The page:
Tartuffe, written by the 17th century comedic playwright, Jean Baptiste Molière, is about an impostor who claims to be a zealous, pious man while boarding at the wealthy Orgon’s home. Instead, he’s a deceiver who tries to swindle Orgon out of the deed of his house by winning the respect of his wife and attempting to marry his daughter. Evening performances, all in Troutt Theater, are at 7:30 p.m . Oct. 1, 2, 7, 8, and 9; matinees are at  3 p.m. on Oct. 2, and at 2 p.m. Oct. 3 and Oct. 10.

Troutt Theater will host an entirely different production Oct. 30 when the Bunraku Bay Puppet Troupe offers the extravagant Japanese puppet theater known as “ningyo joruri” or bunraku. The troupe trained in Japan with artists who are part of the puppetry troupes that date back to 1684. The Asian Studies Program sponsors this event. Performance time and ticket information will be announced..

The week before Thanksgiving break will be the performance of 33 Variations in the Black Box Theater. 33 Variations is about two different stories that occur 200 years apart in two far off places: America and Austria. It is a dramatic American play written by Moisès Kaufman about what motivates someone to create. Performances are scheduled at 7:30 p.m. Nov. 12, 13, 18, 19, 20 and 21; matinees are at 3 p.m. Nov. 13, and at 2 p.m. Nov. 14 and 20.

The Nashville Ballet will grace the Troutt Theater’s stage with their new ballet based on Anne Frank’s life story. Dr. Mark Volker, a Belmont music faculty member, composed the music. Performances will be Nov. 19-21; times and ticket information will be announced.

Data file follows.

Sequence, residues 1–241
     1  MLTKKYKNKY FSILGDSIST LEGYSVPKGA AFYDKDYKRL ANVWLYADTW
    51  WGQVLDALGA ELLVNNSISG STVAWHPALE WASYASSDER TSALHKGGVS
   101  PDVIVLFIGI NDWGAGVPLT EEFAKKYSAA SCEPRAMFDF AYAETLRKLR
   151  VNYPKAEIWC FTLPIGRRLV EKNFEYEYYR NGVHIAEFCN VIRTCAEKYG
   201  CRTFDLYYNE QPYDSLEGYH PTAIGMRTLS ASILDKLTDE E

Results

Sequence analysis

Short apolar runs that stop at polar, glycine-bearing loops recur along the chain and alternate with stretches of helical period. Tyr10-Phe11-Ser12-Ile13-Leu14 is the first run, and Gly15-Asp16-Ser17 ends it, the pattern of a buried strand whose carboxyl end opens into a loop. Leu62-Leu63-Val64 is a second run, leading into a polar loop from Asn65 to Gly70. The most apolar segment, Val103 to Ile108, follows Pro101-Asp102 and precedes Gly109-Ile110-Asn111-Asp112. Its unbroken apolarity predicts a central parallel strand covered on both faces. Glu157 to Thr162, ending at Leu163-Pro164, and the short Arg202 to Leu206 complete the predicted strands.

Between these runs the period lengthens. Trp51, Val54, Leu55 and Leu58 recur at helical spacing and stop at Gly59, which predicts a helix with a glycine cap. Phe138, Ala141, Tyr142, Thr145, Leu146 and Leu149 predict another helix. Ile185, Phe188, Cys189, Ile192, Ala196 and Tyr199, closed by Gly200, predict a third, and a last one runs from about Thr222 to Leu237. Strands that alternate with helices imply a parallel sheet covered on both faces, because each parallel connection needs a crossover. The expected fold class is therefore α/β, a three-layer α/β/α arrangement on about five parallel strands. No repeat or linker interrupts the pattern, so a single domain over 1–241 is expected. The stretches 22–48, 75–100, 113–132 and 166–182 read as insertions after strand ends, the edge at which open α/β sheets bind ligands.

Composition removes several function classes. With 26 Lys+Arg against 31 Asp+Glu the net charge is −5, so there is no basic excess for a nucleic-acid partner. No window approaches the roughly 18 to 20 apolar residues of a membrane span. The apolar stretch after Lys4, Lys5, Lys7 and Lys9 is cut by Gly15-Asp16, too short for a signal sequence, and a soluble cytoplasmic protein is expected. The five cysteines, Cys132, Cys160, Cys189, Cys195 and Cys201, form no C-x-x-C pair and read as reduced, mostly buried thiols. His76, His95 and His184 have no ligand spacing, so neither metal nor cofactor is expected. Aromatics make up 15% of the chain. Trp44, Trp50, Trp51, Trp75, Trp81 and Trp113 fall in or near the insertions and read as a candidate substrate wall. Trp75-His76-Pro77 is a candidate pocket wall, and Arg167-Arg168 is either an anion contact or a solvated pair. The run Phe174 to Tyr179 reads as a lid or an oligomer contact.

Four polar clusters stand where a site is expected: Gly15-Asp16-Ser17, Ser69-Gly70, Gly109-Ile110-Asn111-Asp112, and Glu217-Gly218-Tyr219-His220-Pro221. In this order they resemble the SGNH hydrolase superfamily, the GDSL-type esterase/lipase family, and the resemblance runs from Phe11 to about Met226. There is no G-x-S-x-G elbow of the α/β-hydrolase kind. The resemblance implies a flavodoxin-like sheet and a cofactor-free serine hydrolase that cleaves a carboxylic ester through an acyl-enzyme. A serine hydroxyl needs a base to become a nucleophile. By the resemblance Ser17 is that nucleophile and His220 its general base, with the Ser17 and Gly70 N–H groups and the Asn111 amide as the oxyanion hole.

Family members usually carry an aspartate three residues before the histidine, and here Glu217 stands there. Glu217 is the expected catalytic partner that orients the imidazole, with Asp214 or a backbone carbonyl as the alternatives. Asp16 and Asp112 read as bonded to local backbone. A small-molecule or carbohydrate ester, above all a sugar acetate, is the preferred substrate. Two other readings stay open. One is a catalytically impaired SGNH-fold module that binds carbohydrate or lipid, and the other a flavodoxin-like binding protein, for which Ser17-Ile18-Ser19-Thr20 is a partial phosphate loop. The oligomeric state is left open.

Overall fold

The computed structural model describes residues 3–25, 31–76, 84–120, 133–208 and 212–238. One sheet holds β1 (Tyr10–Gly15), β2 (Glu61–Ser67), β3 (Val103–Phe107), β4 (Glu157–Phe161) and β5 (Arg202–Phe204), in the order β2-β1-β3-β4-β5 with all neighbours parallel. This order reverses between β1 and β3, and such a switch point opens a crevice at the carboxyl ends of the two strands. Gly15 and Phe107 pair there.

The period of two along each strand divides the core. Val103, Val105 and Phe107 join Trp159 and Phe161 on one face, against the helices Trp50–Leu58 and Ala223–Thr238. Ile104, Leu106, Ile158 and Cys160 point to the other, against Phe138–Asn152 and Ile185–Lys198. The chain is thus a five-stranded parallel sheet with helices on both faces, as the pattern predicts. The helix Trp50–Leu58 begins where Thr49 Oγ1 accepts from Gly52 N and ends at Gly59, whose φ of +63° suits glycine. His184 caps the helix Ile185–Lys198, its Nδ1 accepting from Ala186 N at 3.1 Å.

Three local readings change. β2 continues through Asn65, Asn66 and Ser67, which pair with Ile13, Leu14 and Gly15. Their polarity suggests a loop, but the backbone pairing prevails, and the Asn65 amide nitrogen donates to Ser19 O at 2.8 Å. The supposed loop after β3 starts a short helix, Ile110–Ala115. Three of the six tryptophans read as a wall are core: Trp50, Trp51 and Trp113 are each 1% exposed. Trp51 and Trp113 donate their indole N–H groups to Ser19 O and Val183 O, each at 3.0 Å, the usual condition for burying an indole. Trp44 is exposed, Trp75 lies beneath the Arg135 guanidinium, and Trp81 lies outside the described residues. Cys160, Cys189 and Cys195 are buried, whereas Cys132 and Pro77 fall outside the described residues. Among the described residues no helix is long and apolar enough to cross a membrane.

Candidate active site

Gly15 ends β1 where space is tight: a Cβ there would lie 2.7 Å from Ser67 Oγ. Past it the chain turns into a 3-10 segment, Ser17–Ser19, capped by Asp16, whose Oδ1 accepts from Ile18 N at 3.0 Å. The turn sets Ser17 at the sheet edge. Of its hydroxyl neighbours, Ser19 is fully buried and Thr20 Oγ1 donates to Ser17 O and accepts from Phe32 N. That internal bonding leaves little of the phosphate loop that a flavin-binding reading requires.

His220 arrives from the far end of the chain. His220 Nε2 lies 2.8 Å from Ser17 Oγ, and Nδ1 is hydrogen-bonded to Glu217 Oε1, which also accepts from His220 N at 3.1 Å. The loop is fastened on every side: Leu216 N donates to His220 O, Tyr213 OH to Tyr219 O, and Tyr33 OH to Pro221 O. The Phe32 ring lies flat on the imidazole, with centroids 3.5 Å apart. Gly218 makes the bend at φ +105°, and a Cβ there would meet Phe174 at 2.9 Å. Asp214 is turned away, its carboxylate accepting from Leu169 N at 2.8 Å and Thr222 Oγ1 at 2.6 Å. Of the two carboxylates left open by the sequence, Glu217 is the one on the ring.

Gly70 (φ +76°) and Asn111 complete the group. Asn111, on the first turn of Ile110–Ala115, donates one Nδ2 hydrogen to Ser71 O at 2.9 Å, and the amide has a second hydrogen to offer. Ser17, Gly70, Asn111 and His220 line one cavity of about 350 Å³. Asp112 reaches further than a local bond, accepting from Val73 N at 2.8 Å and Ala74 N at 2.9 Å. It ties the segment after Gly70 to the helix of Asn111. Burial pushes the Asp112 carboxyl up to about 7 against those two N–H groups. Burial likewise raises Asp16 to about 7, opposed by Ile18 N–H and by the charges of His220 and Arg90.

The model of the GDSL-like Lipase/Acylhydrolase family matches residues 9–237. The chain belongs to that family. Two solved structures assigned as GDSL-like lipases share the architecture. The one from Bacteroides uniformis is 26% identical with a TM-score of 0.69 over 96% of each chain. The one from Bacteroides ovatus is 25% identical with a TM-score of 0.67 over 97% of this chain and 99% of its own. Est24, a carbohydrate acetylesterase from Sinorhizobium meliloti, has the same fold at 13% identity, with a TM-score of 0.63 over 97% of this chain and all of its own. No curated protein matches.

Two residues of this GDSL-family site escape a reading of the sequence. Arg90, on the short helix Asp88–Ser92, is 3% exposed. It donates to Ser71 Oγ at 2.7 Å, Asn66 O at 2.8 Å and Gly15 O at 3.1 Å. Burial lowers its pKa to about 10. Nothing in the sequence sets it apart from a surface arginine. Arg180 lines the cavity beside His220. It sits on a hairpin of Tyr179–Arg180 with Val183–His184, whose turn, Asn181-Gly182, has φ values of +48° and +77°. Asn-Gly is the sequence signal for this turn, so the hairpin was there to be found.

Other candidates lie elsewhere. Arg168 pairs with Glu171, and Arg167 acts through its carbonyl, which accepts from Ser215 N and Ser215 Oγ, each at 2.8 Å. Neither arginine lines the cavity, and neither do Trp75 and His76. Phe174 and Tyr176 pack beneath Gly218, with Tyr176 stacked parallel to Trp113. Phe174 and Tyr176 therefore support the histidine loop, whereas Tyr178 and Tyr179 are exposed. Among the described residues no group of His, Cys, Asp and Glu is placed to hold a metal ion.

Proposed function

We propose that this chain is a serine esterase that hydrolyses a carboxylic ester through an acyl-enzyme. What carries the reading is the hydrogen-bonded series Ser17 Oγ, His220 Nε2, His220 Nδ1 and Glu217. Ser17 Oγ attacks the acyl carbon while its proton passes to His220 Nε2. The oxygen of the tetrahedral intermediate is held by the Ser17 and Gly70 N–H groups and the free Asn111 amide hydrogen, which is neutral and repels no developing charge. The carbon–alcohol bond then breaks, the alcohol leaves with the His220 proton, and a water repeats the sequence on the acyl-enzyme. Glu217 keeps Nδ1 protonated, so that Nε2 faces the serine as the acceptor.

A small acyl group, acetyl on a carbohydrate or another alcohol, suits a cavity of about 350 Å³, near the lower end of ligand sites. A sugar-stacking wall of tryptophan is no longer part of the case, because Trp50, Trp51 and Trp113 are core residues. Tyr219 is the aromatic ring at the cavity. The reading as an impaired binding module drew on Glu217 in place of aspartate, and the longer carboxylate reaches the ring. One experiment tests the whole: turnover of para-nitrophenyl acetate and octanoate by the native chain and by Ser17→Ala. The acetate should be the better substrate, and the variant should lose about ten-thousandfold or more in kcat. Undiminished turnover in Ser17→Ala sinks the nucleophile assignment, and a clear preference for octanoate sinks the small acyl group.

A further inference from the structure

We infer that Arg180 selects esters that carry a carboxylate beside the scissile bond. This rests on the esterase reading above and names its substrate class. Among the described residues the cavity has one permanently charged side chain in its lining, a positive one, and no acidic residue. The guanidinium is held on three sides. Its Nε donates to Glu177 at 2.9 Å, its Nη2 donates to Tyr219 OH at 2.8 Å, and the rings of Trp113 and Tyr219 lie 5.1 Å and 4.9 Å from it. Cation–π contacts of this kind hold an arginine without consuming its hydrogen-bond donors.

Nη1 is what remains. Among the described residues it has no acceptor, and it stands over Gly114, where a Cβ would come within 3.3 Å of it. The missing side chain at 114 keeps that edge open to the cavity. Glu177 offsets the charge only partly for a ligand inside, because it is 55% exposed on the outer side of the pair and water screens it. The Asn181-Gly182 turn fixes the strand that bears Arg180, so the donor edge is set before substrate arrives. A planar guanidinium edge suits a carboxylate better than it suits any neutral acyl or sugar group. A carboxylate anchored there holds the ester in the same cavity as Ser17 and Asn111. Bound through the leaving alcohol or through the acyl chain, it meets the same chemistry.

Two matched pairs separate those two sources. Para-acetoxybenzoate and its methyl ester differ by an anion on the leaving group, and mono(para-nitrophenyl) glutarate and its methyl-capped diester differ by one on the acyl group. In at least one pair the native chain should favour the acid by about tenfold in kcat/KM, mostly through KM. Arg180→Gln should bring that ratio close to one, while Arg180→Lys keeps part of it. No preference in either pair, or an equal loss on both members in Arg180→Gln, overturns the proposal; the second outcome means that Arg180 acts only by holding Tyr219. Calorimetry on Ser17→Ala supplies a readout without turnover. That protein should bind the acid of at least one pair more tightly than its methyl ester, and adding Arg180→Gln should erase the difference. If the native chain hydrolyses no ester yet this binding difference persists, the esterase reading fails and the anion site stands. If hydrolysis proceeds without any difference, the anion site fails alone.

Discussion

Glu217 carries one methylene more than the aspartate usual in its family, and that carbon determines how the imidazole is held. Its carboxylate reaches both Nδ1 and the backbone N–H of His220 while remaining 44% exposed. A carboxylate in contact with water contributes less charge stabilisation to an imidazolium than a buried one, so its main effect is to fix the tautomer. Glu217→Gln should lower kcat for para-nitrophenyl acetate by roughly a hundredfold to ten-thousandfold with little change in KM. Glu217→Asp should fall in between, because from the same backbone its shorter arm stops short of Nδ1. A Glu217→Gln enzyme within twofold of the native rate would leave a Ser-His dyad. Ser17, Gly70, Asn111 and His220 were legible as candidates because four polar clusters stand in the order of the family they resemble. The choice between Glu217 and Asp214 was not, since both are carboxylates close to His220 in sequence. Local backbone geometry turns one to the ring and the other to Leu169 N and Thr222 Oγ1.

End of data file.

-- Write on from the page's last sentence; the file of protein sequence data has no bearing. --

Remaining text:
The Actor’s Bridge Ensemble and perform Eurydice, playwright Sarah Ruhl’s re-telling of the classic myth. The play presents the story of Orpheus, a popular Greek musician, through the eyes of his wife. The golden ticket of this play? Eurydice “will have an amazing raining elevator and water pool on the set,” said Paul Gatrell, department chair of the theatre and dance department. Evening performances will be at 7:30 p.m. Feb. 18, 24, 25 and 26; matinees will be at 2 p.m. Feb. 20, 26 and 27.

The Government Inspector will be on stage in the Black Box Theater in April. The Government Inspector is a satirical play written by Russian and Ukrainian playwright Nikolai Gogol about corrupt officials in a Russian town. They get into a tizzy when they hear an undercover inspector will visit to investigate them. They scramble to make their work seem decent and punishments necessary. Their attempts are interrupted when a mysterious visitor has already checked into the inn.The visitor is not an inspector but a civil servant, Khlestakov, who has a wild imagination. It should be a high-spirited and witty play, the perfect way to end the theatre season. Evening performances are at 7:30 p.m. April 8, 9, 14 and 15; matinees are at 2 p.m. April 9, 10, 16 and 17.

The dance department will round out the theater and dance department’s season with their annual Dance Production where students will showcase their talent and new techniques. Performances are at 7:30 p.m. April 29 and 30 and May 1.


Colorful “Butterfly” Captivates in Troutt’s Black Box April 17, 2010

A small space makes for a small play. Right?

Definitely wrong.

Well, at least not when it comes to the Troutt’s Black Box Theater. Though, the theater is considered small, the set designers know how to work the space.